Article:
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Now we have a new legislation called "Juvenile & Justice Act, 2015" replacing the JJ Act of 2000. In this new act, adoption has assumed a significant importance with an exclusive chapter. Subscribe and follow this blog for more information in the days to come.

Monday, November 16, 2009

New Adoption Law?

Here is an interesting article about International adoptions through India. I would be surprised that there are that many adoptions from India, through which this happens, to warrant something like this. Does anyone know the real percentage of this happening? Please comment if you do.



Here is the link to the article:

http://timesofindia.indiatimes.com/city/mumbai/HC-framing-new-rules-for-international-adoptions/articleshow/5233659.cms

There are many loving families, in the U.S., who want to adopt and this would make it even harder to bring children home, especially as many of the children come with special needs that the parents would need to spend on once their beloved children are home. I think it may put too much on the new parents, perhaps even disabling them from adopting at all. Also, this last year many fees for adoption already went up, some even doubling over here, because of the Hague convention being put into effect.
I totally agree that these children who are sent back, for whatever reason, do need to be taken care of. I just think there could be another way to do it. Any thoughts?

2 comments:

Ruby Nakka - Admin. said...

Article begins with a sensationalizing statement to state “rising number of children” but only state the case of one child and one adult who have returned. I am not undermining the difficulties of the individuals who’ve returned but lack of responsible journalism does equal injustice to people whom they seem to portray as someone that they are protecting.

When the child is adopted from India Juvenile and Justice Act of 2000 (amended in 20006) is the law to go by and according to the clause (ii) of Section 2 of the act states the definition of “Adoption” as below: “adoption” means the process through which the adopted child is permanently separated from his biological parents and become the LEGITIMATE CHILD OF HIS ADOPTIVE PARENTS WITH ALL THE RIGHTS, PRIVILAGES AND RESPONSIBILITIES that are attached to the relationship.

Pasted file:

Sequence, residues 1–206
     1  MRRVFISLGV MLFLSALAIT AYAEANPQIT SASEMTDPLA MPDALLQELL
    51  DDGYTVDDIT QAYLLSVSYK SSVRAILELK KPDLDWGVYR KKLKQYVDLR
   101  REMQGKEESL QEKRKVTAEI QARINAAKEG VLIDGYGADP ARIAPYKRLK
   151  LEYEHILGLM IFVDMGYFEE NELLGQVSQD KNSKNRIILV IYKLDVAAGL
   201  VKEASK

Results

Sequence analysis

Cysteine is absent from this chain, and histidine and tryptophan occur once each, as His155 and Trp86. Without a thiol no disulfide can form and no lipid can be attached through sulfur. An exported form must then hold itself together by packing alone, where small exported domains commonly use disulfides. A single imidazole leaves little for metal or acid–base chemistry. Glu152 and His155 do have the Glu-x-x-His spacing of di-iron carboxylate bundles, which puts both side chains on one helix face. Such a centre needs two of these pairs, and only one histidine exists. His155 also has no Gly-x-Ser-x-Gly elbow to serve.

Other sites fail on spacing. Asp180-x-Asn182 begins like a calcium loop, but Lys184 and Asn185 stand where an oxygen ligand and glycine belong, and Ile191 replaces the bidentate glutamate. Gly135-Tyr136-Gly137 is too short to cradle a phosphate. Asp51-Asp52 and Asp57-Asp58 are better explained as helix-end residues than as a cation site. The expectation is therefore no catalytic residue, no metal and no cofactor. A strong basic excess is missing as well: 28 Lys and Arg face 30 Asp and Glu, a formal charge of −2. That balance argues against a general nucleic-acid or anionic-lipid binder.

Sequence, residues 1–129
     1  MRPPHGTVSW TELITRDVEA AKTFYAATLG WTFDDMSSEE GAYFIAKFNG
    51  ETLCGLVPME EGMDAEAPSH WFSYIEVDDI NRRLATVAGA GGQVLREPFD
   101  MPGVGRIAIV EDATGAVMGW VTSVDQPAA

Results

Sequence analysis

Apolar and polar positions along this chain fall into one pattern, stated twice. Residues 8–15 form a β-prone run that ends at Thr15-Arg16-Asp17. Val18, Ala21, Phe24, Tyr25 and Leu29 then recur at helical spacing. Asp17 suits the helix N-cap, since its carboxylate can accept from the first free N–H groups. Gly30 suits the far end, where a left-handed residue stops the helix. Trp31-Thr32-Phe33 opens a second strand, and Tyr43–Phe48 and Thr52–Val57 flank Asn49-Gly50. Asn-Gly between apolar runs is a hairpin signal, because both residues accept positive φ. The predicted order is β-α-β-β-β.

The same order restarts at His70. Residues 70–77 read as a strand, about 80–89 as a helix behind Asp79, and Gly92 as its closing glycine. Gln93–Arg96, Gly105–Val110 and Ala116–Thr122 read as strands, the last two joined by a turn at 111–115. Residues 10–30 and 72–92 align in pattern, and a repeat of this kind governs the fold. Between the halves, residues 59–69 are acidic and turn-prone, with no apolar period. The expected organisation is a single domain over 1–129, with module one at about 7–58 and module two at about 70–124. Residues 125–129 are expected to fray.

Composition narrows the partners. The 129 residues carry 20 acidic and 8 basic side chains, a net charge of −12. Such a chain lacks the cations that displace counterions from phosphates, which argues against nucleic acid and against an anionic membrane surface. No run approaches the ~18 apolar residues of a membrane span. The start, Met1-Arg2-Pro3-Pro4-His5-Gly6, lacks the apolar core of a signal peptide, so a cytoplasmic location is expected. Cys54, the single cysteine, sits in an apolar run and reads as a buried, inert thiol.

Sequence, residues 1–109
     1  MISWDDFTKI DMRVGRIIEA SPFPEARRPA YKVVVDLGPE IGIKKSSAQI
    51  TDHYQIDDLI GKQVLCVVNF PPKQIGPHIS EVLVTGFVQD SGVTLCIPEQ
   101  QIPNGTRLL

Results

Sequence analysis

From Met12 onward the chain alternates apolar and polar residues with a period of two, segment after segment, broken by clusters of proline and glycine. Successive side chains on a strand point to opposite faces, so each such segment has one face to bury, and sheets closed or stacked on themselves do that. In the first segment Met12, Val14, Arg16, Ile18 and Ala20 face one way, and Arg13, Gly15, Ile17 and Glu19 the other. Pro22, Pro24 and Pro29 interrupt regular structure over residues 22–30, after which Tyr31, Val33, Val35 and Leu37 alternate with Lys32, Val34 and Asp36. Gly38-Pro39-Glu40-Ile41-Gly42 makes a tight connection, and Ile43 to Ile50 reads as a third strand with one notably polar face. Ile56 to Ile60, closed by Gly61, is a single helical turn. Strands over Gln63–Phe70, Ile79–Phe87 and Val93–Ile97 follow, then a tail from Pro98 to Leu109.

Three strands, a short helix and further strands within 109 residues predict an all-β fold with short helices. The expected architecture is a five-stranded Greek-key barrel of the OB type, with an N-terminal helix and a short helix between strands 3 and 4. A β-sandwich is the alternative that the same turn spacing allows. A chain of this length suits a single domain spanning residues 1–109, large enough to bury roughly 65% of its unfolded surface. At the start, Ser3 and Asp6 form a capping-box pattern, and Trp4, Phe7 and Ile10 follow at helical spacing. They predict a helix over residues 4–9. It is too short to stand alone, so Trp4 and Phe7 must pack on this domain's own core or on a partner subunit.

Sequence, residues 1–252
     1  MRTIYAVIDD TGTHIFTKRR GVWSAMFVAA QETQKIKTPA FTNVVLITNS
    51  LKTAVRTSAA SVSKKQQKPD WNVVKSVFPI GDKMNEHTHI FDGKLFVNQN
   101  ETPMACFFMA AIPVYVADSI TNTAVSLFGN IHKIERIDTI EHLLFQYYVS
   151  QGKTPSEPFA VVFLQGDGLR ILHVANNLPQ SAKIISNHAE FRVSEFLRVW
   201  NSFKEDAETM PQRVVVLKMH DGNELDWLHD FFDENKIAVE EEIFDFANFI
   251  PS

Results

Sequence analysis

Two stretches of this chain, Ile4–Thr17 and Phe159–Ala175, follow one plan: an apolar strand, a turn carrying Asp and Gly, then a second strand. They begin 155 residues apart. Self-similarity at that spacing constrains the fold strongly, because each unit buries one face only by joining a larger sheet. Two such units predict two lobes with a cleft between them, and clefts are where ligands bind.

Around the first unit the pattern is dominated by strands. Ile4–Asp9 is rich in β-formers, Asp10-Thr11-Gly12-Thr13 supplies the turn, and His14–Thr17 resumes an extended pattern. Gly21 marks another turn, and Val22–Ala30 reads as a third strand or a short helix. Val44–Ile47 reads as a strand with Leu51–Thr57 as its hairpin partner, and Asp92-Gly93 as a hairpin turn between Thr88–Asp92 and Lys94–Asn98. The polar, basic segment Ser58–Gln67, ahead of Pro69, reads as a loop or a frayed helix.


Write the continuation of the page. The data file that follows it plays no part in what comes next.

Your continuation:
When the child is placed in an adoptive family’s hands, it is understood that the parents accept the child as their legitimate child (read as biological child) and accepts responsibilities for his/ her care.

When the child develops health problems, they ought to take care of the child as their legitimate child rather than leaving their responsibility to send the child packing back to India is nothing but irresponsible. Adoptive child is not a ‘use and throw’ product. If it is your biological child and develops psychiatric issues, you would find every solution that is possible in the world to help him/ her. So, how about the adoptive child?

I have questions:

1.When a 14 year old American citizen develops psychiatric problems, how could CARA ask for that child to be repatriated? What legitimate legal jurisdiction does CARA has on foreign citizens? Is that child not become an American citizen? If she did, where is the American government in this story then?

2.If the child is an American citizen, can the adoptive parents be held accountable under the American law (under the Hague convention) for abandonment or any other relevant American law?

3.Doesn’t the judge’s solution of depositing 5000 dollars legitimize the ‘use and throw’ practice among those that can afford that amount of money?

No matter what, the solution should be that adoptive parents must be made to care for the child or be held accountable for abandonment under the law.

Ruby

Lynda said...

Ruby,

You have some very good questions, I don’t have or know answers to these. Our adoption was complete before Hague had fully implemented all of its new rules.

Q. #2. I would think this would fall under some type of American law to protect the child.

Q. #3. Sure does seem like this type of law would portray that thought.

I agree that when we adopt a child it is forever and we are responsible for their care, just like our birth children. When we went through the process of adopting our daughter the thought never did nor has now entered our mind of not caring for her, she is ours forever.

Thanks for your comments,

Lynda